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Nuclear fusion breakthrough?


17thfabn

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Recently scientist believe they have made a major breakthrough in fusion technology.

Fusion would theoretically be the holy grail of energy production.

There was a major scientific hoax years ago where scientist claimed to have "cold-fusion". I thought it was ten years ago. Actually it was back in 1989!

https://www.wsj.com/articles/nuclear-fusion-energy-breakthrough-reported-by-scientists-at-u-s-lab-11670944595

Nuclear-Fusion Breakthrough Accelerates Quest to Unlock Limitless Energy Source

https://www.npr.org/2022/12/13/1142208055/nuclear-fusion-breakthrough-climate-change

U.S. reaches a fusion power milestone. Will it be enough to save the planet?

 

https://www.cnn.com/us/live-news/nuclear-fusion-reaction-us-announcement-12-13-22/index.html

Scientists at Lawrence Livermore National Laboratory’s National Ignition Facility have made history by successfully producing a nuclear fusion reaction resulting in a net energy gain, a breakthrough hailed by US officials as a “landmark achievement” and a “milestone for the future of clean energy.”

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1 hour ago, 17thfabn said:

Recently scientist believe they have made a major breakthrough in fusion technology.

Fusion would theoretically be the holy grail of energy production.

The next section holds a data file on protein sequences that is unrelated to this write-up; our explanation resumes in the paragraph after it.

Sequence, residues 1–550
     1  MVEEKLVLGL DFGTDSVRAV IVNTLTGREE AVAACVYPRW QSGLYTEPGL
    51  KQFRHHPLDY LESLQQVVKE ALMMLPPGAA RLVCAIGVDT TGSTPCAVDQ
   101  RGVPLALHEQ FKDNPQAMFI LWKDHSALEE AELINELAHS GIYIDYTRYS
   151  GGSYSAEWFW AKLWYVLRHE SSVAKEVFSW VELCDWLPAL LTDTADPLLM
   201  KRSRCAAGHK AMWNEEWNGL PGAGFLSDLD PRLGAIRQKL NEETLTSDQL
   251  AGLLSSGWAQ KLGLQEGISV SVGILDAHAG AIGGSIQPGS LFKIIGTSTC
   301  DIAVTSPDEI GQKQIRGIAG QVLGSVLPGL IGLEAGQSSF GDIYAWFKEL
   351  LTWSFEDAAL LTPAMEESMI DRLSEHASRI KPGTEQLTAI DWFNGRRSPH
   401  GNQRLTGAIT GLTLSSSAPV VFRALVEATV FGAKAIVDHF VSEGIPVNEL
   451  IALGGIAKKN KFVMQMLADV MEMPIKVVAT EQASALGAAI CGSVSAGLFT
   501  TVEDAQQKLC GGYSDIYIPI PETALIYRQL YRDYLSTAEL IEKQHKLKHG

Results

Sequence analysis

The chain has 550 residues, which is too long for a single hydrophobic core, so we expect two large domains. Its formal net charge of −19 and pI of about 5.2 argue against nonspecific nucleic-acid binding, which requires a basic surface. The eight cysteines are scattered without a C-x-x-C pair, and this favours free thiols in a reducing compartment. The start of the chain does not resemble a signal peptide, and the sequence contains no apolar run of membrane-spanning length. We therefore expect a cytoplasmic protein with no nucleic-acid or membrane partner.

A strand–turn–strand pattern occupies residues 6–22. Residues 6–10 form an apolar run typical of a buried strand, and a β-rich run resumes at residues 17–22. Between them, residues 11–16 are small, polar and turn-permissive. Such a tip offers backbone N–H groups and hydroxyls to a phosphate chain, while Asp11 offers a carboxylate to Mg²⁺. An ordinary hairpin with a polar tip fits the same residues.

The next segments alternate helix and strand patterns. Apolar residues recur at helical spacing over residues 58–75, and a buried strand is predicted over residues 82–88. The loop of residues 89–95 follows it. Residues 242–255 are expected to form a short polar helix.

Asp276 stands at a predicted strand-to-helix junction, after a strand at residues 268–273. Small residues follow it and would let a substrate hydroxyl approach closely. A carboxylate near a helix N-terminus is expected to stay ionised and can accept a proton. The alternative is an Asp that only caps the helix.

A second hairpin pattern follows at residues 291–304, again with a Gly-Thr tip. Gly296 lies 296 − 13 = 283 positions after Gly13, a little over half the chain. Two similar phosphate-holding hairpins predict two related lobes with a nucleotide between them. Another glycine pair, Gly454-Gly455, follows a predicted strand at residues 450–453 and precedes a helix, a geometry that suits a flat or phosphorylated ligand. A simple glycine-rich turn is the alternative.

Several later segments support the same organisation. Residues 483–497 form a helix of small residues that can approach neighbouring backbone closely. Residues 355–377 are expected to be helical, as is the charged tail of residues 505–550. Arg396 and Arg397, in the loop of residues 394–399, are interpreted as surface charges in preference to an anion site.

There was a major scientific hoax years ago where scientist claimed to have "cold-fusion". I thought it was ten years ago. Actually it was back in 1989!

https://www.wsj.com/articles/nuclear-fusion-energy-breakthrough-reported-by-scientists-at-u-s-lab-11670944595

Nuclear-Fusion Breakthrough Accelerates Quest to Unlock Limitless Energy Source

https://www.npr.org/2022/12/13/1142208055/nuclear-fusion-breakthrough-climate-change

U.S. reaches a fusion power milestone. Will it be enough to save the planet?

 

https://www.cnn.com/us/live-news/nuclear-fusion-reaction-us-announcement-12-13-22/index.html

Scientists at Lawrence Livermore National Laboratory’s National Ignition Facility have made history by successfully producing a nuclear fusion reaction resulting in a net energy gain, a breakthrough hailed by US officials as a “landmark achievement” and a “milestone for the future of clean energy.”

Save the planet from what? Idiot newspeople?

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2 hours ago, NickM said:

Save the planet from what? Idiot newspeople?

I don't think I said anything about saving the planet? 

Electric consumption will go up, especially if electric cars become predominant. It has to come from somewhere.

The greens fight tooth and nail against coal use. Most of them are opposed to standard nuclear plants. Many even want to tear down existing hydroelectric dams. 

Wind and solar don't seem up to the demand at the present time.

Fusion, may at some time be an option. 

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33 minutes ago, 17thfabn said:

I don't think I said anything about saving the planet? 

Electric consumption will go up, especially if electric cars become predominant. It has to come from somewhere.

The greens fight tooth and nail against coal use. Most of them are opposed to standard nuclear plants. Many even want to tear down existing hydroelectric dams. 

Wind and solar don't seem up to the demand at the present time.

Fusion, may at some time be an option. 

Sorry, I meant the byline of the news story, not your comments. Apologies for the misunderstanding 

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39 minutes ago, 17thfabn said:

Wind and solar don't seem up to the demand at the present time.

Fusion, may at some time be an option. 

Maybe.